How to Teach Young Children, “Keep your hands to yourself.”
“Keep your hands feet and other objects to yourself.”
Once upon a time when I was in 4th grade, we had classroom rules on the wall to set expectations for our behavior. If we broke a rule, we got our name on the board. That was a warning. If we did it again, we got a check mark, which meant we had to write the rules three times as punishment. I did not get in trouble very often because I was afraid to do anything wrong. I kept my hands to myself. That’s just me.
However, I did get in trouble for talking sometimes. I was a talker. I liked to talk to my friends. If you know me, you know that is an understatement. Thanks to my habit for talking, I had frequent opportunities to write the rules over and over. I will never forget the number one rule was “Keep hands, feet and other objects to yourself.”
BUSY HANDS and a POWER STRUGGLE
Recently in our home, we had the opportunity to love a foster child that was constantly poking, touching, grabbing, hitting, and pinching himself and others with his hands. He could NOT keep his hands to himself! You could see the look in his eye when something got in his focus. He would gently touch hair until it wasn’t so gentle anymore, and then it turned into pulling.
Throughout the day, I found myself telling him to stop and keep his hands to himself all day long. He did NOT understand. He is a sweet boy with cognitive delay and some challenging behaviors. Although he tried his hardest, bless his heart, he would not stop touching everything and everybody. My insisting he stop only created a power struggle. The firmer I got, the stronger the struggle.
With this child, if we got into a power struggle–no matter how little, it would turn into a tantrum. Every. Single. Time. It did not take me long to realize that I needed to change my approach to his behavior.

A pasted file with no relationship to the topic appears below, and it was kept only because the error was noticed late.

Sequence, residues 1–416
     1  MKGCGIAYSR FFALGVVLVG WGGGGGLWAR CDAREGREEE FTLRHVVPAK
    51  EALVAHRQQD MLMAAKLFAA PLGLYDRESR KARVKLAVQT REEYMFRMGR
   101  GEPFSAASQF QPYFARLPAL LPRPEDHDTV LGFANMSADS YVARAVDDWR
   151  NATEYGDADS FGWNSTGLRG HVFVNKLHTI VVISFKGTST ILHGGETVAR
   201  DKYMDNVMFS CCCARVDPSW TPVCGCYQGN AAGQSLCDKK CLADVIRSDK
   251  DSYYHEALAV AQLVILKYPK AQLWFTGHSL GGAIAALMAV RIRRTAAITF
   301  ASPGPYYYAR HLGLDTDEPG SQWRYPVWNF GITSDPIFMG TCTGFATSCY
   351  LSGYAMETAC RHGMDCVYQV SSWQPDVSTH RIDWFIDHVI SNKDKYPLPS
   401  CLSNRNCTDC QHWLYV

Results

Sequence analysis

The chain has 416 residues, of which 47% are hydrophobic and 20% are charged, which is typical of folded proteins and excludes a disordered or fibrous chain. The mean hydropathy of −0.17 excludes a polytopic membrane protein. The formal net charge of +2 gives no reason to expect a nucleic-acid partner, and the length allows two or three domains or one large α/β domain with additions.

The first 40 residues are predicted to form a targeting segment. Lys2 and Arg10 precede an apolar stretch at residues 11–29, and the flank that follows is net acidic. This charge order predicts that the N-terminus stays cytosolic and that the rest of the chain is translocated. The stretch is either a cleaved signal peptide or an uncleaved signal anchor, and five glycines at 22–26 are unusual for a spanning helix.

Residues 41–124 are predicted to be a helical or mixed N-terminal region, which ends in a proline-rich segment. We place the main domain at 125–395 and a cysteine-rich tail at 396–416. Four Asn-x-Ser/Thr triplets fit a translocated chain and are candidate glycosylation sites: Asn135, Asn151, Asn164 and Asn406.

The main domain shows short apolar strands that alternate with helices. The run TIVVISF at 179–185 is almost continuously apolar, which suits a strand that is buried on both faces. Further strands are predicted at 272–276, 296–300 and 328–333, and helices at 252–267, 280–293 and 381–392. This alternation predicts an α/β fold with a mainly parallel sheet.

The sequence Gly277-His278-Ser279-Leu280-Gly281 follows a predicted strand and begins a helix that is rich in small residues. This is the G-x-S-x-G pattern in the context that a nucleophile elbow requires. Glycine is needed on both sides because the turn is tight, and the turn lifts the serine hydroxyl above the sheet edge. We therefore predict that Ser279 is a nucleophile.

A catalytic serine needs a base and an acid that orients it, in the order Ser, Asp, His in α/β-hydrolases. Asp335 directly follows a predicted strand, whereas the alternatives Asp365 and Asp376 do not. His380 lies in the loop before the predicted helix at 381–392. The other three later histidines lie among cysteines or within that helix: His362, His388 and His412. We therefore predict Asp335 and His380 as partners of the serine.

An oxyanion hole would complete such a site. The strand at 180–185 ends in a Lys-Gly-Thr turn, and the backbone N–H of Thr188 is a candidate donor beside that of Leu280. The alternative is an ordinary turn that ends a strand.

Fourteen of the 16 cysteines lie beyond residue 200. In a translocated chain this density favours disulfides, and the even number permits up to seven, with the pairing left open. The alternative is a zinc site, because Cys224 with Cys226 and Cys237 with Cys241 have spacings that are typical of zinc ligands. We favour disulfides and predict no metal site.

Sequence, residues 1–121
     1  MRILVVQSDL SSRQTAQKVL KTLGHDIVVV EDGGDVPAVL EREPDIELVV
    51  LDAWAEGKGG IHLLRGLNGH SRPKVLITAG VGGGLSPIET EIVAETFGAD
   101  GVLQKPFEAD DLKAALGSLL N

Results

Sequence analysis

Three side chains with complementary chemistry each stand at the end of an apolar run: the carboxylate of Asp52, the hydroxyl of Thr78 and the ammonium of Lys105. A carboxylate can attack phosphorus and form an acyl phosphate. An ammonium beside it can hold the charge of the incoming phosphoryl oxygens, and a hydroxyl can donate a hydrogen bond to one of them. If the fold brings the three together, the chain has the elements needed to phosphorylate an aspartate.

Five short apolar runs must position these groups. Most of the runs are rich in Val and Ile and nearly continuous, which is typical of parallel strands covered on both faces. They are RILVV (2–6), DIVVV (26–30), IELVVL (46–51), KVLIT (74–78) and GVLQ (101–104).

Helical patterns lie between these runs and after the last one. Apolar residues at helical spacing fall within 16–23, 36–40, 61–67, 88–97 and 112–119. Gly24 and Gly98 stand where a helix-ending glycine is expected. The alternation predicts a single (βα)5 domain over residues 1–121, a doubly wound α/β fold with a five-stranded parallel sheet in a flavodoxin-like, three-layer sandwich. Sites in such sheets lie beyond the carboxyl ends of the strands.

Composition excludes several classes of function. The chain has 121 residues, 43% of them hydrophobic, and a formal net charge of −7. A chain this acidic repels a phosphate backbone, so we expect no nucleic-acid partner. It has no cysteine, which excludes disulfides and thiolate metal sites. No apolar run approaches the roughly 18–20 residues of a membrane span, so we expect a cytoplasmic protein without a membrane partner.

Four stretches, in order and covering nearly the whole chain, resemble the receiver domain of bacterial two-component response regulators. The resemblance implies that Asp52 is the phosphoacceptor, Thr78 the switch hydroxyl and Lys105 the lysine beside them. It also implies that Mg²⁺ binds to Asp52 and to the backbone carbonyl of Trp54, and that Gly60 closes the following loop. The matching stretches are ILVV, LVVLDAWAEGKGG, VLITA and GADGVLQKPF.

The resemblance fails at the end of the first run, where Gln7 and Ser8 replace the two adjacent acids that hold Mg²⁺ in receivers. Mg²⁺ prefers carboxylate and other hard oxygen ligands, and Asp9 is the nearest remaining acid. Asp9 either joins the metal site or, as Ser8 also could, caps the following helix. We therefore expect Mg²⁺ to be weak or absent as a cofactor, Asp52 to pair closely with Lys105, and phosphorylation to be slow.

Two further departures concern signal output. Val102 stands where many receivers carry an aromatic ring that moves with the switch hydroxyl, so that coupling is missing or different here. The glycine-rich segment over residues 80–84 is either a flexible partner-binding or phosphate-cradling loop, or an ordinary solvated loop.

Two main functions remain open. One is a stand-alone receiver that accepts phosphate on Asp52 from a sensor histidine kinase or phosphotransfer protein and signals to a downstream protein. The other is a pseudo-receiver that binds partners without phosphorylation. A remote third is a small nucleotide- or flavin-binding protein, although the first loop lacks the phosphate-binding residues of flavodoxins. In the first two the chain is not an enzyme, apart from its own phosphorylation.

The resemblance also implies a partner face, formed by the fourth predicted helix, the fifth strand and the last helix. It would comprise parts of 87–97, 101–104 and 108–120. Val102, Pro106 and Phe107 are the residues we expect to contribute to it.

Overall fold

When managing challenging behaviors, I have always been taught “teach children what TO DO instead of what NOT TO DO.
When managing challenging behaviors, I have always been taught “teach children what TO DO instead of what NOT to do.” I use this tip with parents all the time in early intervention. It got me thinking about how to apply that to teaching a child to understand the frequently given instruction of “keep your hands to yourself.”
If we take a moment to examine the phrase “keep your hands to yourself,” you notice that it is not clear and concrete language. The wording of “keeping” something “to yourself” was perhaps a little over his head. I had the idea to make this more clear by giving him small tasks to do with his hands. It worked! He was proud to understand and follow the simple instructions that earned him praise from us, and we were pleased that this served to distract him from what he was hitting, punching, pinching, poking, or ripping apart.
Hand Activities Meant to Distract
Eventually my new plan was when we needed to redirect his hands, we distracted him by giving him tasks to do with his hands to replace the previous activity. Behavior management is not my strong suit, but I must have remembered something from class, because this worked.
My most common distraction was “Where is your pocket?” and “What is in your pocket?” This simple request would result in his hands in his pockets showing me his pocket lint or playground rocks.
Other examples of these distraction hands tasks include:
Touch your nose.
Wiggle your fingers.
Touch your ear.
Pat your head.
Touch your belly button.
Clap your hands.
This might not work for every child, but it worked wonderfully for him.
For example, now if he was playing with somebody’s hair, which led to getting excited and pulling, instead of saying “stop pulling her hair” which would cause him to scream and maybe bite, I tried this approach. Now I said “Hey buddy can you pat your head? GOOD JOB! Where’s your nose? You found it! And so on… as he forgot about the hair….and that person had time to escape. Everybody wins.
Pair It with the Words “Keep Your Hands to Yourself”
I eventually was able to say “She doesn’t like when you pull her hair. Let’s stop doing that and do something else with your hands,” and then launch right into the distraction tasks such as wiggle fingers, find your ears etc. Afterwards I followed up with “You did a good job keeping your hands to yourself.” Over time, that phrase, “keep your hands to yourself” was associated with concrete actions and a positive experience. I don’t know if he ever learned what “keep your hands to yourself meant,” but when I used this strategy he was successful.
In conclusion, “keep your hands feet and other objects to yourself” was an OK rule for a 4th grader, but a little difficult for a child on a 2 year old level to understand and obey. Providing simple easy-to-follow tasks can distract from the bad behavior you are trying to stop and give an opportunity for positive feedback and interactions and eventually teach a good social skill of “keeping your hands to yourself.”